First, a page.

# xWhat is x if lg(2x+2)=lg(8+3x)/(x-2)?

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We have to solve lg(2x+2)=lg[(8+3x)/(x-2)]

Equate 2x + 2 = (8+3x)/(x-2)

=> (2x + 2)(x - 2) = 8 + 3x

=> 2x^2 + 2x - 4x - 4 = 8 + 3x

=> 2x^2 - 5x - 12 = 0

=> 2x^2 - 8x + 3x - 12 = 0

=> 2x(x - 4) + 3(x - 4) = 0

=> (2x + 3) = 0 and (x - 4) = 0

=> x = -3/2 and x = 4.

For x = -3/2, the given logarithms become logs of negative numbers and are undefined.

**The solution of the equation is x = 4**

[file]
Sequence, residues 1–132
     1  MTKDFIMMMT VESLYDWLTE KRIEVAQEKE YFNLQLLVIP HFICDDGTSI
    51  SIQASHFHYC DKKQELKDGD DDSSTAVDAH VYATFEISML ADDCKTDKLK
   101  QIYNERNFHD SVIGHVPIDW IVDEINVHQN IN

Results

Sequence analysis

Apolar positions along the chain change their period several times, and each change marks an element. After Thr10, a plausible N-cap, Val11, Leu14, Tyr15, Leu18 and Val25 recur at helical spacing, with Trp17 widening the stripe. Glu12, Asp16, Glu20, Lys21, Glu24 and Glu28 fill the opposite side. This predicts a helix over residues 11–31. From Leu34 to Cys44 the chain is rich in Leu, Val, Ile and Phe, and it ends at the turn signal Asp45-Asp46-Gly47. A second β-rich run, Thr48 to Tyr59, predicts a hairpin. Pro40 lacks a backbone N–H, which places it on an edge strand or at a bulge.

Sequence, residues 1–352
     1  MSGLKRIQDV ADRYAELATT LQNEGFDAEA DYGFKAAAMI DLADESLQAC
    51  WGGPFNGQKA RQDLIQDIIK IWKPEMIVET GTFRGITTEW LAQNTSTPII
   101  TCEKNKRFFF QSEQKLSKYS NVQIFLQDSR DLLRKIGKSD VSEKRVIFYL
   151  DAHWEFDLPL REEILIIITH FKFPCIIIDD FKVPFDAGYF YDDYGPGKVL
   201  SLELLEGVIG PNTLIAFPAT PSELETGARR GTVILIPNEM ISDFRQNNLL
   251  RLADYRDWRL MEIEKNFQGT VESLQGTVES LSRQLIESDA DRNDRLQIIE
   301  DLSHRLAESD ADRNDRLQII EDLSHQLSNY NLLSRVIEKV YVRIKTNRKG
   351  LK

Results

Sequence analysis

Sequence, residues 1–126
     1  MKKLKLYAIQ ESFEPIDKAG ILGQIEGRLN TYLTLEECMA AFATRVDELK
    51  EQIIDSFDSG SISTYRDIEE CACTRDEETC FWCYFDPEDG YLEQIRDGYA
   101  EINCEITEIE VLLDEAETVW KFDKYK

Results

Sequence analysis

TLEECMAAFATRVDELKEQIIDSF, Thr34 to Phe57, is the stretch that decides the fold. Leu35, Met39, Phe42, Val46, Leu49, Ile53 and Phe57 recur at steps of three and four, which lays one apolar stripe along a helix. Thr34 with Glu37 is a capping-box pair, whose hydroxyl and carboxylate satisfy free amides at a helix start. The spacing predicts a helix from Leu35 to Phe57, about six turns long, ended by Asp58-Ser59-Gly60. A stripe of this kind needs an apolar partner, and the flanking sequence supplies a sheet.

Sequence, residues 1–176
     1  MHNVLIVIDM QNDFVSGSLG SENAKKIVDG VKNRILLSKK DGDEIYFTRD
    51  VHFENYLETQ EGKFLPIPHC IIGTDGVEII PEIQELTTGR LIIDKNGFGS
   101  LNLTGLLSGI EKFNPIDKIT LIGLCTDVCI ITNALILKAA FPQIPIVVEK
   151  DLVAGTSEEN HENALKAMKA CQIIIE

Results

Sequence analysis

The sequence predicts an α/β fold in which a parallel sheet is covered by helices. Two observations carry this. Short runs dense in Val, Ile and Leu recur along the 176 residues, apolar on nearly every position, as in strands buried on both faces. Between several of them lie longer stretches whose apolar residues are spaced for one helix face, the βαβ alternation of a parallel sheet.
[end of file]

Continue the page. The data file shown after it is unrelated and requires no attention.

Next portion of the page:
We'll impose the constraints of existence of logarithms:

3x+8>0

x>-8/3

2x+2>0

x>-1

x-2>0

x>2

The interval of admissible values for x is (2, +infinite).

Now, we'll solve the equation:

lg(2x+2)=lg [(8+3x)/(x-2)]

Since the logarithms have the matching bases, we'll apply the one to one rule:

2x + 2 = [(8+3x)/(x-2)]

We'll cross multiply and we'll get:

[(2x+2)*(x-2)] = 8 + 3x

We'll remove the brackets from the left side:

2x^2 - 4x + 2x - 4 = 8 + 3x

We'll move all terms to the left side and we'll use symmetric property:

2x^2 - 4x + 2x - 4 - 3x - 8 = 0

2x^2 - 5x - 12 = 0

We'll apply quadratic formula:

x1 = [5 + sqrt(25 + 96)]/4

x1 = (5+11)/4

x1 = 16/4

x1 = 4

x2 = -6/4

x2 = -3/2

**Since the second solution does not belong to the range of admissible values, we'll reject it. **

**The only admissible solution is x = 4.**